Foraminiferal and Geochemical Evidence of Environmental Change in Response to Aquaculture in the Setiu Estuarine-Lagoonal System Terengganu Malaysia

ECU Author/Contributor (non-ECU co-authors, if there are any, appear on document)
Hanna Thornberg (Creator)
East Carolina University (ECU )
Web Site:
Stephen Culver

Abstract: In many coastal communities aquaculture is an important part of the local economy though fish and shrimp farms may threaten habitats in these coastal systems. Aquaculture was introduced to the Setiu estuarine-lagoonal system (SEL) in Terengganu Malaysia in the mid-1970s. As fish farm densities increase and the mangroves are cleared excess nutrients and fish waste are supplied to the water column and sediments below. In order for the aquaculture industry in Terengganu Malaysia to be successful estuarine-lagoonal environmental health should be monitored. Analyses of foraminiferal assemblages sedimentological analyses and δ13C δ15N and C:N ratios are used here to determine how aquaculture in the SEL affects benthic communities sources of organic matter and grain size and sediment composition.  Three cores were collected beneath fish cage sites two (S43 and S40) from the northern lagoon region and one (S9A) from the southern estuary region. Cores S43 and S40 contain both calcareous and agglutinated foraminifera though calcareous are dominant. Agglutinated specimens increase in abundance near the top of S43 and S40 which is likely in response to an increase in organic matter.. Ammonia aff. A. aoteana and Ammobaculites exiguus are the most abundant species in the middle and upper sections of S43 and Ammonia aff. A. aoteana and Rosalina globularis are the most abundant in the bottom of S43. Ammonia aff. A aoteana is most abundant throughout all of S40. Core S9A contains only agglutinated foraminifera with Trochammina amnicola Ammotium directum and Miliammina fusca as the most abundant species. The percent of live specimens is relatively low in all three cores. The densities of dead foraminifera at S43 and S40 are extremely high at the onset of aquaculture and near the surface of S40 where the amount of organic matter is less. These high densities are attributed to a baffling effect created by the fish cages as tidal currents push sediments north in the lagoon.  δ13C and δ15N signatures in the sediments beneath fish cages do not show trends through time and are similar to signatures of terrestrial sources including mangroves. Percent carbon percent nitrogen and percent mud increase through time throughout S43 and S40 though patterns reverse in core S40. The reversal of patterns in core S40 is possibly related to the closure of a southern inlet in 2003. Throughout S9A these same measurements first increase through time but then decrease probably corresponding to the abandonment of fish farms.  In summary aquaculture has affected organic matter content sediment characteristics and foraminiferal distributions in the SEL. However rapid return to pre-aquaculture conditions after the abandonment of S9A and a slower return to pre-aquaculture conditions in S40 likely as a result of tidal flushing suggest that environmental health of the SEL is not particularly compromised by the current scale of floating fish cage aquaculture.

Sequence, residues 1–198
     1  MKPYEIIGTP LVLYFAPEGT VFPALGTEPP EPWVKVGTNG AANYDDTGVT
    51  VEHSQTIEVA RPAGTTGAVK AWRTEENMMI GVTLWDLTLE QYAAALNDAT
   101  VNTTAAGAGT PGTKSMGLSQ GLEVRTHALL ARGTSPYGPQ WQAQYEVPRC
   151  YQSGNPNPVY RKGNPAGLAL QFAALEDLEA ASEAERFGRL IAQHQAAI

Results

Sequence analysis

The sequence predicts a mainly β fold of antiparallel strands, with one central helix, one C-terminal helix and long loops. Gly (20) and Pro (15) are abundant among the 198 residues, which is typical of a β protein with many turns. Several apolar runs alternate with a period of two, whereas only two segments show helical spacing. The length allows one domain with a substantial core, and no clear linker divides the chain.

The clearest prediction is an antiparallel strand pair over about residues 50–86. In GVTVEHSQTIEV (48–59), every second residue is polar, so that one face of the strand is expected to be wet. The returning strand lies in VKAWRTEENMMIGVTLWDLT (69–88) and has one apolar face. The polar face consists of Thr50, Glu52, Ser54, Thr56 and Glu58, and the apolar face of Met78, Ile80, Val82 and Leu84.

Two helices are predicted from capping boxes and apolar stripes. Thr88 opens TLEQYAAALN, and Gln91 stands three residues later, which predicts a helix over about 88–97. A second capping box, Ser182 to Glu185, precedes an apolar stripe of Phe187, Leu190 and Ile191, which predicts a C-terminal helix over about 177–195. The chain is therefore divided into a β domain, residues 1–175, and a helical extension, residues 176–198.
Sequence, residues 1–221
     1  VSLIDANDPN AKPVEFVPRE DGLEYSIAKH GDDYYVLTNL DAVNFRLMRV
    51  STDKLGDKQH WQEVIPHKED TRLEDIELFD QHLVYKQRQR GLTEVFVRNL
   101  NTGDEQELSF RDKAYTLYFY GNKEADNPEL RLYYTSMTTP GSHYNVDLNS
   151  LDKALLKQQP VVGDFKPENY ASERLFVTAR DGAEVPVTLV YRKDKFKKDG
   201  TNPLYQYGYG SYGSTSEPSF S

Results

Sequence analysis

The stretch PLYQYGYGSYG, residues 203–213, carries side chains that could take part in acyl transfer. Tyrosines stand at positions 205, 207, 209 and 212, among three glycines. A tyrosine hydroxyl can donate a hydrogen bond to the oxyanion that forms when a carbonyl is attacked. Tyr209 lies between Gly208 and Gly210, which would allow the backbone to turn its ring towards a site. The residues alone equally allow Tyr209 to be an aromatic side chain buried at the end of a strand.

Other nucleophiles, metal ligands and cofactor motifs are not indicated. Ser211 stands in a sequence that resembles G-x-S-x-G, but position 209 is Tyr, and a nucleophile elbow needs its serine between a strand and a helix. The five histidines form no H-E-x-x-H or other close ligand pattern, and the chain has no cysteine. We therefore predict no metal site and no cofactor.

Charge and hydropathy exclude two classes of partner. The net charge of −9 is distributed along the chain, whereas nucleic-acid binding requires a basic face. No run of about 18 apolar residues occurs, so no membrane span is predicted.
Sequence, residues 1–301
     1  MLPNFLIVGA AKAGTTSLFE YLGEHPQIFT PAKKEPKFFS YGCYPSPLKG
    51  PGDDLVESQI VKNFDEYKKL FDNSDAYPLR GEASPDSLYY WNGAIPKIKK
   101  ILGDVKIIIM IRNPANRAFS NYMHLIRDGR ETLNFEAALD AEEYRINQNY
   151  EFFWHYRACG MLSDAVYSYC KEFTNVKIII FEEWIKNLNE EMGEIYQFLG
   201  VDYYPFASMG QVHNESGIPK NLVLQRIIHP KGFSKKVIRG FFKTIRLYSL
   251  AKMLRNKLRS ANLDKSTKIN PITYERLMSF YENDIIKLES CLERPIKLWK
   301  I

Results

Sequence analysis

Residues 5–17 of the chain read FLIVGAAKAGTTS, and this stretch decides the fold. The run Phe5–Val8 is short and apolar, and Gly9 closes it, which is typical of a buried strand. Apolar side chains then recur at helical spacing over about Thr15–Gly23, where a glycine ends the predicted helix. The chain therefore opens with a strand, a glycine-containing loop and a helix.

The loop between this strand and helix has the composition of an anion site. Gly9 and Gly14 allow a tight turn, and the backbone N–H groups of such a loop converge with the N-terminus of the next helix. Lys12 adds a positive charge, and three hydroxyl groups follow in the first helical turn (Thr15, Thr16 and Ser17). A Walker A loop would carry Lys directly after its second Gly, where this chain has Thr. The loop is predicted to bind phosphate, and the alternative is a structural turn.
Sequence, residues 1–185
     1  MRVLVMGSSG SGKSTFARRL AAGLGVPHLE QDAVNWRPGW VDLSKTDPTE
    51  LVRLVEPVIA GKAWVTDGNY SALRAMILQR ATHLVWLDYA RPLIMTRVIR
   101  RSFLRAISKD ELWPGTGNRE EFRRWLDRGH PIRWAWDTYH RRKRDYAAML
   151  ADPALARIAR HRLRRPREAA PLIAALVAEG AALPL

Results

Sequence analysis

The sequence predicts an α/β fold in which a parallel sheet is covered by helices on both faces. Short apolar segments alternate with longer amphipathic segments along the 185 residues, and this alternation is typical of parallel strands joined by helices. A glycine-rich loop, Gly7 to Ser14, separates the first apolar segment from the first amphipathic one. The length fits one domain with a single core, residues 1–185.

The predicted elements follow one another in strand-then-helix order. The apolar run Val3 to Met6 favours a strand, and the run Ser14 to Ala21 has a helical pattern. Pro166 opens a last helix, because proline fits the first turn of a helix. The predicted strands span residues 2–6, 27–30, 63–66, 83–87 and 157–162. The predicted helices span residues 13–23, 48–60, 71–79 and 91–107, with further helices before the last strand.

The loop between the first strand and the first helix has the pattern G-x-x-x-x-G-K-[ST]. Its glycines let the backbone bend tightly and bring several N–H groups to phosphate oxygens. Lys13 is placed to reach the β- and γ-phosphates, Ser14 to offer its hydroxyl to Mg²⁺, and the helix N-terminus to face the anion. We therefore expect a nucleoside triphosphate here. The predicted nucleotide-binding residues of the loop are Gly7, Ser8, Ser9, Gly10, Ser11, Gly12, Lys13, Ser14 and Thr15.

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Date: 2013
Geology, Aquaculture, Foraminifera, Geochemistry, Malaysia

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